The Australian dollar (A$) (AUDUSD) has risen 3% against the US dollar in a month.
AUD rises against USD
The recent rise of the Australian dollar goes against the longer-term movements in the currency, which is down from over $1.05 in 2013.
The recent rises in the Australian dollar have coincided with suggestions that central banks around the world could send interest rates higher sooner rather than later.
According to Sydney Morning Herald, 16 of the 26 economists surveyed said Australia’s interest rates will remain unchanged until 2019. Five economists predicted an increase in official interest rates tomorrow.
If interest rates head higher, the Australian dollar could find strength.
However, in my opinion, rising interest rates appear to be a couple years off given the uncertainty in the housing and employment sectors, as well as the resources sector. Not to mention our record household debt levels.
Will the AUD fall?
The long-run average level of the AUD is around the mid-seventies. Currently, the Aussie dollar sits at 76.8 US cents.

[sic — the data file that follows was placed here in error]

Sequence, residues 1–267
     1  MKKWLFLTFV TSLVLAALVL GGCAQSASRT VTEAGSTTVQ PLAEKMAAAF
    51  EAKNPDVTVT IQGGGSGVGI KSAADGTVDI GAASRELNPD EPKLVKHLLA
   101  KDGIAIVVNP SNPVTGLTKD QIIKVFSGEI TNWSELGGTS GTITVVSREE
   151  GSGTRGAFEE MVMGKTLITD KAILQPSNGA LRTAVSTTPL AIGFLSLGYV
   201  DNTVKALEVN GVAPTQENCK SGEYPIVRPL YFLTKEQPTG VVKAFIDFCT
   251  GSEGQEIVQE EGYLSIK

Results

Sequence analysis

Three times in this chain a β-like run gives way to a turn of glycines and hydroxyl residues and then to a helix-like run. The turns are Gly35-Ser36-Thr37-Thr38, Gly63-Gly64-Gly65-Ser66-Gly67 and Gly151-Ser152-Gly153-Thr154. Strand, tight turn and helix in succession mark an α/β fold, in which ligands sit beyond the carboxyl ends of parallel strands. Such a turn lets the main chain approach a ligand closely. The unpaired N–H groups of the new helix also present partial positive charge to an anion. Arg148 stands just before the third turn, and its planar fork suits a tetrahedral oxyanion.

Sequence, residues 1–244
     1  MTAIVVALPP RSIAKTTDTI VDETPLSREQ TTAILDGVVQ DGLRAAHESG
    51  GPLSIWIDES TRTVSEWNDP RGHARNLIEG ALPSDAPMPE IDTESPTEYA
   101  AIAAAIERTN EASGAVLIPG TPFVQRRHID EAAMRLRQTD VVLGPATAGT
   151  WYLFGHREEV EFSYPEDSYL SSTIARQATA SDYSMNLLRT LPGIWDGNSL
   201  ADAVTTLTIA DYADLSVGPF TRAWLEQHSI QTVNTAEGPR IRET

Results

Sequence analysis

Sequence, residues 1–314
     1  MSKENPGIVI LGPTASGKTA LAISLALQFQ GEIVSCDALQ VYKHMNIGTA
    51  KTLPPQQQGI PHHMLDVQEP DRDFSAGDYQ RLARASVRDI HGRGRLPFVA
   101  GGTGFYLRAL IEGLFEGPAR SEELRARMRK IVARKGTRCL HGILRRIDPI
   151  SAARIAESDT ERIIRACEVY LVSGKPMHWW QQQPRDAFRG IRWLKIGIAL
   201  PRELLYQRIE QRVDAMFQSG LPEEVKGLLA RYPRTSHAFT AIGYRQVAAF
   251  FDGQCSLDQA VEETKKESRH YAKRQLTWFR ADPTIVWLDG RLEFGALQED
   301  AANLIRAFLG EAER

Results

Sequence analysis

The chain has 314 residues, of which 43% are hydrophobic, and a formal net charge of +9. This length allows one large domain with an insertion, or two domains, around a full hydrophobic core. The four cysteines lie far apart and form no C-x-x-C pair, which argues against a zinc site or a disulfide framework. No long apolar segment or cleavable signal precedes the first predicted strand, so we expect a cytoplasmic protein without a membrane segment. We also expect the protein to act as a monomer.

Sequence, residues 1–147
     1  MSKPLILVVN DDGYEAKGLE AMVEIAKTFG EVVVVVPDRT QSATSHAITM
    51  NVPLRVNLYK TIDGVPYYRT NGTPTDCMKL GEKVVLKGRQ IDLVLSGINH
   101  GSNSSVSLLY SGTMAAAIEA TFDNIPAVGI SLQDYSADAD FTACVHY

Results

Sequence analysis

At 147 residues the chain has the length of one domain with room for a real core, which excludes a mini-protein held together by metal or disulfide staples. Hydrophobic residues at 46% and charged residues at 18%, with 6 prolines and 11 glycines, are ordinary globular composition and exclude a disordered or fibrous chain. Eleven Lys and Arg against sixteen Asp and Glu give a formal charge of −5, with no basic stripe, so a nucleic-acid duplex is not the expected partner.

While many importers and travellers will be welcoming the higher Aussie dollar. A higher Aussie dollar is typically bad news for Australian mining shares like BHP Billiton Limited (ASX: BHP) and Rio Tinto Limited (ASX: RIO), which sell their product in US dollars.
However, there may be more reasons to be negative on the Australian dollar. For example, the US economy appears to be firing on all cylinders while Aussie households are being squeezed by higher rates on mortgages. We also have record debt levels at a time when our banks, such as Commonwealth Bank of Australia (ASX: CBA), are raising interest rates.
Recent falls in commodity prices also paint a bleak outlook for our economy.
I think it’s too early to suggest interest rates will rise. However, it’s possible that just a ‘hint’ of rising interest rates will be enough to keep the Aussie dollar at elevated levels.
In my opinion, the recent strength could be an opportunity for savvy long-term investors to diversify abroad or run the ruler over shares of Australia’s international heavyweights like CSL Limited (ASX: CSL).
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The Motley Fool Australia has no position in any of the stocks mentioned. We Fools may not all hold the same opinions, but we all believe that considering a diverse range of insights makes us better investors. The Motley Fool has a disclosure policy. This article contains general investment advice only (under AFSL 400691). Authorised by Bruce Jackson.